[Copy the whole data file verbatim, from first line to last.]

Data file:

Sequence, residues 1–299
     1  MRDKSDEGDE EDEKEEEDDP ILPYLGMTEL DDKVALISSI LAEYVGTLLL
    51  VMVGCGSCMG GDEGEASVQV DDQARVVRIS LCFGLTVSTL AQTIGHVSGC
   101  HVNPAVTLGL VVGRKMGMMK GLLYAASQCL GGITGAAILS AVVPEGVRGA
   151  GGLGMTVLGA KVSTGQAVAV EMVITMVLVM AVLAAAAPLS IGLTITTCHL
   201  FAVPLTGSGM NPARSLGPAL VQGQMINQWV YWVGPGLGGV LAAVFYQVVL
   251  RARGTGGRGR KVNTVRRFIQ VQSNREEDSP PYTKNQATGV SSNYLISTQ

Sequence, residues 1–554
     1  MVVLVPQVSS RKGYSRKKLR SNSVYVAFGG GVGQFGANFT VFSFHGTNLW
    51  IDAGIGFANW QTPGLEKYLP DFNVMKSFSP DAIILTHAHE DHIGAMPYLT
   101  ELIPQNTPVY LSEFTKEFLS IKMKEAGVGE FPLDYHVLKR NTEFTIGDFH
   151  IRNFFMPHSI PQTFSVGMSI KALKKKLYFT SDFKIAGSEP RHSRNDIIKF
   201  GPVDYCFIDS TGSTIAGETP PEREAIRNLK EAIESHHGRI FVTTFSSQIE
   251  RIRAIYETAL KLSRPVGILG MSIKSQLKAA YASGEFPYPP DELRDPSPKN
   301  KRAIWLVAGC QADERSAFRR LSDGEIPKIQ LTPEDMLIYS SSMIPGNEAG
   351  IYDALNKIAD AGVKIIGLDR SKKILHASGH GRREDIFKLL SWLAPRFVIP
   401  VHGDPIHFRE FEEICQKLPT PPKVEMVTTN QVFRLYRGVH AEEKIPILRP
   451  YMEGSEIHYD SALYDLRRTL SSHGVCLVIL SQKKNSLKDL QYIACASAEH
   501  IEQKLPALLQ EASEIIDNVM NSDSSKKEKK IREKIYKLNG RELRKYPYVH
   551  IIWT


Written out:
Sequence, residues 1–299
     1  MRDKSDEGDE EDEKEEEDDP ILPYLGMTEL DDKVALISSI LAEYVGTLLL
    51  VMVGCGSCMG GDEGEASVQV DDQARVVRIS LCFGLTVSTL AQTIGHVSGC
   101  HVNPAVTLGL VVGRKMGMMK GLLYAASQCL GGITGAAILS AVVPEGVRGA
   151  GGLGMTVLGA KVSTGQAVAV EMVITMVLVM AVLAAAAPLS IGLTITTCHL
   201  FAVPLTGSGM NPARSLGPAL VQGQMINQWV YWVGPGLGGV LAAVFYQVVL
   251  RARGTGGRGR KVNTVRRFIQ VQSNREEDSP PYTKNQATGV SSNYLISTQ

Sequence, residues 1–554
     1  MVVLVPQVSS RKGYSRKKLR SNSVYVAFGG GVGQFGANFT VFSFHGTNLW
    51  IDAGIGFANW QTPGLEKYLP DFNVMKSFSP DAIILTHAHE DHIGAMPYLT
   101  ELIPQNTPVY LSEFTKEFLS IKMKEAGVGE FPLDYHVLKR NTEFTIGDFH
   151  IRNFFMPHSI PQTFSVGMSI KALKKKLYFT SDFKIAGSEP RHSRNDIIKF
   201  GPVDYCFIDS TGSTIAGETP PEREAIRNLK EAIESHHGRI FVTTFSSQIE
   251  RIRAIYETAL KLSRPVGILG MSIKSQLKAA YASGEFPYPP DELRDPSPKN
   301  KRAIWLVAGC QADERSAFRR LSDGEIPKIQ LTPEDMLIYS SSMIPGNEAG
   351  IYDALNKIAD AGVKIIGLDR SKKILHASGH GRREDIFKLL SWLAPRFVIP
   401  VHGDPIHFRE FEEICQKLPT PPKVEMVTTN QVFRLYRGVH AEEKIPILRP
   451  YMEGSEIHYD SALYDLRRTL SSHGVCLVIL SQKKNSLKDL QYIACASAEH
   501  IEQKLPALLQ EASEIIDNVM NSDSSKKEKK IREKIYKLNG RELRKYPYVH
   551  IIWT